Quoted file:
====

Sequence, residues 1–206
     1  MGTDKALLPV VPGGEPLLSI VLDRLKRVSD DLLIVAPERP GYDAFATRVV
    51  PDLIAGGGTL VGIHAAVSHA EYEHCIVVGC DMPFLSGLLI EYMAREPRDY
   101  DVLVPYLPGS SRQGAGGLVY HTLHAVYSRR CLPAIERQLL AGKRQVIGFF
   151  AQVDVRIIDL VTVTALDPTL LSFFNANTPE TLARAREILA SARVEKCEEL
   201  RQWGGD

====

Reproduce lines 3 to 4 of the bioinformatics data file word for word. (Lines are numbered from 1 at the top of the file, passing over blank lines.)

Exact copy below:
    51  PDLIAGGGTL VGIHAAVSHA EYEHCIVVGC DMPFLSGLLI EYMAREPRDY
   101  DVLVPYLPGS SRQGAGGLVY HTLHAVYSRR CLPAIERQLL AGKRQVIGFF